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Australian pilots can work for US regionals.

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Australian pilots can work for US regionals.

Old 22nd Dec 2018, 21:37
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Originally Posted by LostWanderer
Are E3s there on some slight variation of employment contract? or does UA stipulate somewhere deep in their employment contract that an applicant requires a US passport etc?
LW,

I certainly don't know but would be surprised if there were contractual stipulations affecting only E3s. They're too few in number and too odd a variation on a theme to be contractually addressed. Contracts are laborious processes.

Now company policy is another matter. E3s work on the willingness of the company to continue playing ball. As soon as the company takes their ball and bat and leaves, the game is over. And ALPA likely won't jump to their defense.
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Old 22nd Dec 2018, 22:05
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Skywest seem to be the most financially prudent regional over there, and having Australian pilots is obviously now costing them money that they no longer wish to spend. If I was still there I would be planning an exit strategy, just as a precaution.
They didn’t announce it when they stopped hiring us, and they will do the same when they stop renewing us.
The “she’ll be right” attitude doesn’t work over there.
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Old 22nd Dec 2018, 23:02
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E3s are the property of the employee. They are not sponsored visas. Australians are employed in exactly the same capacity as everyone else. They can't just "not renew" them, because it wouldn't be a valid reason for termination.
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Old 23rd Dec 2018, 00:14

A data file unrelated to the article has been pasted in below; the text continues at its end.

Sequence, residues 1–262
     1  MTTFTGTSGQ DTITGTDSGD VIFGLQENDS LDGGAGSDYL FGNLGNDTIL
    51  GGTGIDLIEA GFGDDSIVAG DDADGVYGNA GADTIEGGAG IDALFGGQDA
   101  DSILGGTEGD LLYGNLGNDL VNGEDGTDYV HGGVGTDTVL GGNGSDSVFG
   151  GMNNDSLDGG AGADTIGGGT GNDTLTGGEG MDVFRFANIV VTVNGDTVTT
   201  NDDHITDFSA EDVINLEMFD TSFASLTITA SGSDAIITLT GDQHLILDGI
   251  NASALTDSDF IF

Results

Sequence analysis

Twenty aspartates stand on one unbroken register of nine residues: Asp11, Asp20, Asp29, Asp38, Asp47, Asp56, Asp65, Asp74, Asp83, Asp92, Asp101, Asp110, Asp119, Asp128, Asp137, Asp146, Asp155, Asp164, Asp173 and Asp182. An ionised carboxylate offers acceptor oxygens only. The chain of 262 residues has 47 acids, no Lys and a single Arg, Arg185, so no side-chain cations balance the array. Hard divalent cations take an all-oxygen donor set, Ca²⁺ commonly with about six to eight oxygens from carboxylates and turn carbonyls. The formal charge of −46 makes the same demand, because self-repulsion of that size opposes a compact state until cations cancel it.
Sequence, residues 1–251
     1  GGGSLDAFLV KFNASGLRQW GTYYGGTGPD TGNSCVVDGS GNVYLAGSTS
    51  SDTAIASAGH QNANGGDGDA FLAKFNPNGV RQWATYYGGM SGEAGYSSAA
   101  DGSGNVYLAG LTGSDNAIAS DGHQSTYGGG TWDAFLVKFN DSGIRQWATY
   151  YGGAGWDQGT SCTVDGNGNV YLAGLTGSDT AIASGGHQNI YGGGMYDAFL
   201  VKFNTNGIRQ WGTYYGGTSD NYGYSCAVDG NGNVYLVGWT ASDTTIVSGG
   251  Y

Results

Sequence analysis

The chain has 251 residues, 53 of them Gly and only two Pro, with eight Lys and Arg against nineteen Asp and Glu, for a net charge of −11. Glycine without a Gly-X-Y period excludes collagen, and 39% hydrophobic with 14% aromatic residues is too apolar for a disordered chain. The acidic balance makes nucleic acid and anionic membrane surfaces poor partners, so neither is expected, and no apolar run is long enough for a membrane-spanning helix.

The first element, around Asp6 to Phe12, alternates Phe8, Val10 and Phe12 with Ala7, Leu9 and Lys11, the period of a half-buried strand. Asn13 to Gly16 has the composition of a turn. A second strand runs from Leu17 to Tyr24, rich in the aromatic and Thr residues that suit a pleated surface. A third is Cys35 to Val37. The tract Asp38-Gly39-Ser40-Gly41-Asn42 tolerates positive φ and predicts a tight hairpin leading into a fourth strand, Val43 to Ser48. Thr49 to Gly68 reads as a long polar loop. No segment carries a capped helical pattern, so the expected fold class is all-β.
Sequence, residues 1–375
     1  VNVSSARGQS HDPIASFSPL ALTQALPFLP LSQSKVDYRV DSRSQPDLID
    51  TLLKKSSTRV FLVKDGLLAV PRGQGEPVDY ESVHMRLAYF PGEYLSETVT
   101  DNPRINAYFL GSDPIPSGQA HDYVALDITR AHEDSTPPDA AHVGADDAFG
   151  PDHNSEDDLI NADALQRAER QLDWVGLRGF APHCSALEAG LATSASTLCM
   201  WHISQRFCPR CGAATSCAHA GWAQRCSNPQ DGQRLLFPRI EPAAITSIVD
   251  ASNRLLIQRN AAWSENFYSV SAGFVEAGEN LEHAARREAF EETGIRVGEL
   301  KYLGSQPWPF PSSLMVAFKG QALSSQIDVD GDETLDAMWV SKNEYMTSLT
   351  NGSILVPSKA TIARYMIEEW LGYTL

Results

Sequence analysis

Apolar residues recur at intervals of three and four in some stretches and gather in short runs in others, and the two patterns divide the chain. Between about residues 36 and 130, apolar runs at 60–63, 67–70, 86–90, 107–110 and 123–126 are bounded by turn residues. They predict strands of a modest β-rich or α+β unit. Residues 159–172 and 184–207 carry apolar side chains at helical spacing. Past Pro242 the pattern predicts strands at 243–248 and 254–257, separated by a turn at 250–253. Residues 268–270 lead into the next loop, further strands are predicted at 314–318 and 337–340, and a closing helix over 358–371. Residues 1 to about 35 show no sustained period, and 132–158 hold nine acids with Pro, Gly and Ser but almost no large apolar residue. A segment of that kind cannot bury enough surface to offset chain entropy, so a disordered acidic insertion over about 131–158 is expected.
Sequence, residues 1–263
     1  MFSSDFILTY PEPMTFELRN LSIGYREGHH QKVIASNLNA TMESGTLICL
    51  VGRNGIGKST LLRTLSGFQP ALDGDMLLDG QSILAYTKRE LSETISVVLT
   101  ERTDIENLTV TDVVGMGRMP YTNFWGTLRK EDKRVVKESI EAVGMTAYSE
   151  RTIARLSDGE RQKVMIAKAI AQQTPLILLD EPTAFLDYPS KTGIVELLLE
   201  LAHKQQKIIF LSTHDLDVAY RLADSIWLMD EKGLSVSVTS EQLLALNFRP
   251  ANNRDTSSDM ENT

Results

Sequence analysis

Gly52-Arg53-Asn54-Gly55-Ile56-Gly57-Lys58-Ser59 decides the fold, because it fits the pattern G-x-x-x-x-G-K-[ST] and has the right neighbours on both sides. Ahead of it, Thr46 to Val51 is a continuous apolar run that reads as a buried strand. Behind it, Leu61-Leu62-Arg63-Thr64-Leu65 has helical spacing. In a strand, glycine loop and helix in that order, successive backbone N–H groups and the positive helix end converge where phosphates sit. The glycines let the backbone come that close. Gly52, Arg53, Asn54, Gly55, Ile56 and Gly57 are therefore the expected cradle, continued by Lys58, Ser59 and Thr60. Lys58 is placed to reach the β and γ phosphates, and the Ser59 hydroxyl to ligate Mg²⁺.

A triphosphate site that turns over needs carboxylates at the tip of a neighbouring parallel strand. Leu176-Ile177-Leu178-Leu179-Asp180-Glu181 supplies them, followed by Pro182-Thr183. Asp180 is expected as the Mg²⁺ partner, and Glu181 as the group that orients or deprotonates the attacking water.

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The employer has to supply a letter supporting the E3 application. No letter means no application.
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Old 23rd Dec 2018, 00:45
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Originally Posted by pilotchute
The employer has to supply a letter supporting the E3 application. No letter means no application.
Bingo. There are more than a few ways for them to circumvent renewals without much trouble at all. More so, I'd have a guess that few to zero pilots will have the time, money or resources to fight it even if they had some slight avenue to do so. One must remember, E3 pilots were and are employed to fill a gap in pilot employment that US regionals are, and now to a drastically lesser degree is experiencing. Once the gap is closed, that will be the end of the show I'd dare say.

Just have to hope for some good will towards the employees from the employers when the time comes for the people who wish to remain here to renew. But with all things aviation and economy related, who knows what will happen.

Enjoy the ride and make the most of it while you can is my view!
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Old 24th Dec 2018, 15:22
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Aussies cannot participate in the United CPP unless they find themselves a greencard. The difference when compared to an AA wholly owned flow is that the CPP doesn't contractually guarantee you a job.

Re: the potential for E3s to not be renewed. It is possible that it might happen, but once an Aussie is on property they cost no more than a US pilot. The renewal is simply a letter, and the Aussie pays the ~$150 fee at the consulate.

Personally I don't think the music will stop anytime soon, all you have to do is look at the mandatory retirements on the APC site. I heard from a buddy that AA will hire 1000 pilots next year.
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Old 25th Dec 2018, 10:05
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Originally Posted by DropYourSocks
Personally I don't think the music will stop anytime soon, all you have to do is look at the mandatory retirements on the APC site. I heard from a buddy that AA will hire 1000 pilots next year.